Friday, September 20, 2013

Writing is Like a Marathon, but I Wouldn't Know.

Writing is Like a Marathon, but I Wouldn’t Know.
By Brad Cook

This week I hit the last period on my latest manuscript. It’s a wonderful feeling and anyone who has finished a novel can tell you there is nothing like sitting back and looking at everything you’ve accomplished. I imagine it’s the same for marathon runners after they finish a race, but I wouldn’t know – I could never survive a marathon.

Writing/Running Everyday
Marathon runners have to train everyday to build up their bodies for the race. Writers have to work every day as well. Books don’t write themselves, so sit down every day and put words on the page. If you write nothing more than a page a day in a year you’ll have a novel.

Slow steady progress – not like those sprinters, the poets
You can’t sprint for 26.2 miles and you can’t write a book in a night. Novels take time. Weeks, months, or even years can be spent pouring over the words. So, just like the guy running full tilt at the start of a marathon, the guy trying to write a book in a week probably won’t finish. Writers need to understand that it is steady progress that gets a books finished. Unless you’re a poet, they can crank those out in no time. Poets are the sprinters of the writing world.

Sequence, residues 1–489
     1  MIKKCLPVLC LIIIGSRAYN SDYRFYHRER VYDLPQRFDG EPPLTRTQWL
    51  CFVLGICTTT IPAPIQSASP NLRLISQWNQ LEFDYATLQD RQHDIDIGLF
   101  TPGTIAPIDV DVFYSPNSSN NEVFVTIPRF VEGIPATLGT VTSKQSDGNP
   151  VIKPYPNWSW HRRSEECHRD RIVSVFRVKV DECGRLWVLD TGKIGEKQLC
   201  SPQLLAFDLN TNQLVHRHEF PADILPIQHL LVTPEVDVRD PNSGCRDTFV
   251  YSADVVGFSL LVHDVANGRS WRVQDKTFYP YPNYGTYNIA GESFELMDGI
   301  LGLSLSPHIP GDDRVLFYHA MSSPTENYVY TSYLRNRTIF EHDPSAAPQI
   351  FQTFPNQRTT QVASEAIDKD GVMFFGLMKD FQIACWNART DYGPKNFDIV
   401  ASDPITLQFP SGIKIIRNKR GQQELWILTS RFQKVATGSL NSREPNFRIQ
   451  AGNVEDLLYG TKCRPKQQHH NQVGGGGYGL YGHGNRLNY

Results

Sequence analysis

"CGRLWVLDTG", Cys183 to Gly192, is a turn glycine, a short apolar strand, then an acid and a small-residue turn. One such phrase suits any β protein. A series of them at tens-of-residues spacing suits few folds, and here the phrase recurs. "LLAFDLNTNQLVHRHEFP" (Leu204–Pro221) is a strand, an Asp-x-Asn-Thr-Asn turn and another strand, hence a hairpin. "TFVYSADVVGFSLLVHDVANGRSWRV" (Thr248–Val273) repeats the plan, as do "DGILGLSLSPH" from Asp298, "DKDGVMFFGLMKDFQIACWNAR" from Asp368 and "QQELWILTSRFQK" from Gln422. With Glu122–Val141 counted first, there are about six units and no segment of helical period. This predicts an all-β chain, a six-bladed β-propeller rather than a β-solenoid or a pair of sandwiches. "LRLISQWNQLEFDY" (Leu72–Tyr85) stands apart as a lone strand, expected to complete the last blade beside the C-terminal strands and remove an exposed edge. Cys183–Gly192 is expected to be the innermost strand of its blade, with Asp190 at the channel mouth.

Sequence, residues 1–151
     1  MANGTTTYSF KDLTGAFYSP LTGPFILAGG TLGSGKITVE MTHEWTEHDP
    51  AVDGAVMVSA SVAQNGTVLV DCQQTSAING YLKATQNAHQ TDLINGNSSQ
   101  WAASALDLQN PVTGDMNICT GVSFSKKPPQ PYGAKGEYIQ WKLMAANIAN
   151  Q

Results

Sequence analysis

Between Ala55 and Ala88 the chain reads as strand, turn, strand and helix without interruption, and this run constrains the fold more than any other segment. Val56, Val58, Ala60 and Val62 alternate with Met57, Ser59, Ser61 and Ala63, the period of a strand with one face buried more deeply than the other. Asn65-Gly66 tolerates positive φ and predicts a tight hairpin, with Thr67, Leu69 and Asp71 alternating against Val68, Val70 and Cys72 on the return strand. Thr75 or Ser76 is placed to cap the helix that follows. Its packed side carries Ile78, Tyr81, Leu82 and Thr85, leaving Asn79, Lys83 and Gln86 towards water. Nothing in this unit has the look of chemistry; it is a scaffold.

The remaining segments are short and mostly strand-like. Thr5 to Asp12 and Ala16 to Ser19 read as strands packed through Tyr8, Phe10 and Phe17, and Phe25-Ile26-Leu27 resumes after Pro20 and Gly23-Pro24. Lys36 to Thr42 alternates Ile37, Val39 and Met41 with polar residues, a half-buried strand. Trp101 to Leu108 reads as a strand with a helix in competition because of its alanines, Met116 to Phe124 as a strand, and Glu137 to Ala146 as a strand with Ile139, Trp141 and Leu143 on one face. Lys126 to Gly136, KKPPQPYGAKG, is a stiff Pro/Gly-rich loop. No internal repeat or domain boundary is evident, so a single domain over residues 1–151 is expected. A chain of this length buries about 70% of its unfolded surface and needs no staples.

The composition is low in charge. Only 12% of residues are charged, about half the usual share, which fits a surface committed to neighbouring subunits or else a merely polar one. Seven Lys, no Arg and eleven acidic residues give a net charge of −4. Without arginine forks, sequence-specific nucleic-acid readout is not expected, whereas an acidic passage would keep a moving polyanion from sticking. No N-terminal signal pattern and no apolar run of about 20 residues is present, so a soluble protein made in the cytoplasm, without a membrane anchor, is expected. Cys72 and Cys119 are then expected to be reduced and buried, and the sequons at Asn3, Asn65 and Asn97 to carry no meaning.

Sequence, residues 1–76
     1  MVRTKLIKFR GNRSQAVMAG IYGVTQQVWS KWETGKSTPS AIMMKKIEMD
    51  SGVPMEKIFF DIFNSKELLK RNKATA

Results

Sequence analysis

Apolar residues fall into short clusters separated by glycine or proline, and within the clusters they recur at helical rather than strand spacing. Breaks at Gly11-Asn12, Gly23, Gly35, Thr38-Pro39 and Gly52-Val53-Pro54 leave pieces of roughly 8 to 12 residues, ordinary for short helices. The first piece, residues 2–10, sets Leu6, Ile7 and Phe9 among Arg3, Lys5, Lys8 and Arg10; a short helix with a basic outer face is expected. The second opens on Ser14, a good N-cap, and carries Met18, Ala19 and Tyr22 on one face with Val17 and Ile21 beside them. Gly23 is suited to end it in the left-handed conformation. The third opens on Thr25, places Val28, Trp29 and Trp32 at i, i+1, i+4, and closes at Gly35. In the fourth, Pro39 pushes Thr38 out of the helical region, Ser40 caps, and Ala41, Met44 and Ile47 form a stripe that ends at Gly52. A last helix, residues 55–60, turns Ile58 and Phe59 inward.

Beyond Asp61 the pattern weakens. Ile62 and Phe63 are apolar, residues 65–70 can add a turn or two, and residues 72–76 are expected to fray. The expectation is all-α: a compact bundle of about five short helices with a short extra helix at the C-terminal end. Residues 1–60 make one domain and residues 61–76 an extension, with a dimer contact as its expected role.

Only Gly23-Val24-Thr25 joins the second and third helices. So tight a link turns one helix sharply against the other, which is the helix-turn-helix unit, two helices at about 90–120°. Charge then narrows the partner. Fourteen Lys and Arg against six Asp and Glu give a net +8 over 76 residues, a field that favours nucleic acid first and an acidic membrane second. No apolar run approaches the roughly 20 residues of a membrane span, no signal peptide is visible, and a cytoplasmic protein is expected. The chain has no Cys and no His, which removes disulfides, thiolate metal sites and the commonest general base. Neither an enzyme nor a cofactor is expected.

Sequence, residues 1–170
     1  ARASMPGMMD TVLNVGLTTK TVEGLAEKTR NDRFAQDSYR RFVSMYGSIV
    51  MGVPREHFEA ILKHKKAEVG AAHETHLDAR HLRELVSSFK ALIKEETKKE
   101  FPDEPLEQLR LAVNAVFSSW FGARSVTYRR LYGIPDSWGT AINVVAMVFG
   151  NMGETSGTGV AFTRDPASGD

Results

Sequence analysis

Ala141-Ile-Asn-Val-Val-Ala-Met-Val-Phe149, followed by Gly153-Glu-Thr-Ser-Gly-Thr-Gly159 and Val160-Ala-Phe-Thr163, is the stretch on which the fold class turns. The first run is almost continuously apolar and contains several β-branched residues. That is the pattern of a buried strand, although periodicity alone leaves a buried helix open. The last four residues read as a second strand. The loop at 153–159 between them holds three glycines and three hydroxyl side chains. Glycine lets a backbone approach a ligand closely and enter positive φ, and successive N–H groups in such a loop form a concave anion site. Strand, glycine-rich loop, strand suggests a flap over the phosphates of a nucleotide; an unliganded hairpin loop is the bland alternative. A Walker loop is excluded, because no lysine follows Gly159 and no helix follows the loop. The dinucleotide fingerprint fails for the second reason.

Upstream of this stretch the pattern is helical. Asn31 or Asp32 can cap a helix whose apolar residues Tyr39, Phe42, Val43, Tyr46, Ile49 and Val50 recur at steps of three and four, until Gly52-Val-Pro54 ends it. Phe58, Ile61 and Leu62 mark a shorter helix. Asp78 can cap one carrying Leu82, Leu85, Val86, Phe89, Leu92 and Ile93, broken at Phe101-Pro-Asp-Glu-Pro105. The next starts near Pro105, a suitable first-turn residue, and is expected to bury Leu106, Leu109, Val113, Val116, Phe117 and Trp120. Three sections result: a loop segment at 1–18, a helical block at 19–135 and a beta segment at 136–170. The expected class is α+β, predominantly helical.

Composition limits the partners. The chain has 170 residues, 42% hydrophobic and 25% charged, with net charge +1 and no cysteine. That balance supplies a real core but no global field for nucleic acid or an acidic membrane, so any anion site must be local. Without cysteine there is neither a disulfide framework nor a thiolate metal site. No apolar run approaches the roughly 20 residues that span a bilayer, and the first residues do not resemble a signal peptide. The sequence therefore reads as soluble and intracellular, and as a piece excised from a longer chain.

Years of training to be the best
You can’t just wake and decide to run a marathon that day, just like you can’t wake up and write a best-seller. Writers constantly hone their craft through workshops, writing classes, webinars, and conferences. They keep us sharp and our writing improves with every new lesson.

Creeping doubts of quitting that must be overcome
Having never run a marathon, I don’t know how often it happens in a day. I bet it varies, though, probably happens at every race. Doubt is the mind-killer. For marathon runners doubt springs up with every ache and pain, with every quiver of muscle. For a writer, doubt comes with every awkward sentence, every new draft, or article on publishing that is read. Doubt can cripple the muse, but overcoming these emotions not only makes a stronger writer/runner, but is essential to finishing.

So write like a marathon runner:
Write everyday or most days.
Keep training and improving your craft.
Keep hydrated – but maybe just drink some water, you don’t need to splash it all over your laptop.
Keep your focus on the finish line.
And never give up!

Just remember what John Steinbeck used to say – “Abandon the idea that you are ever going to finish. Lose track of the 400 pages and write just one page for each day, it helps. Then when it gets finished, you are always surprised.”

So if writing a novel is like running a marathon – what is publishing like? Entering an Ironman triathlon! Good luck!

What is writing like to you? Let us know in the comments.

Brad R. Cook is a historical fantasy author and President of St. Louis Writers Guild. Please visit , follow me on Twitter @bradrcook , or my tumblr page Thoughts from Midnight

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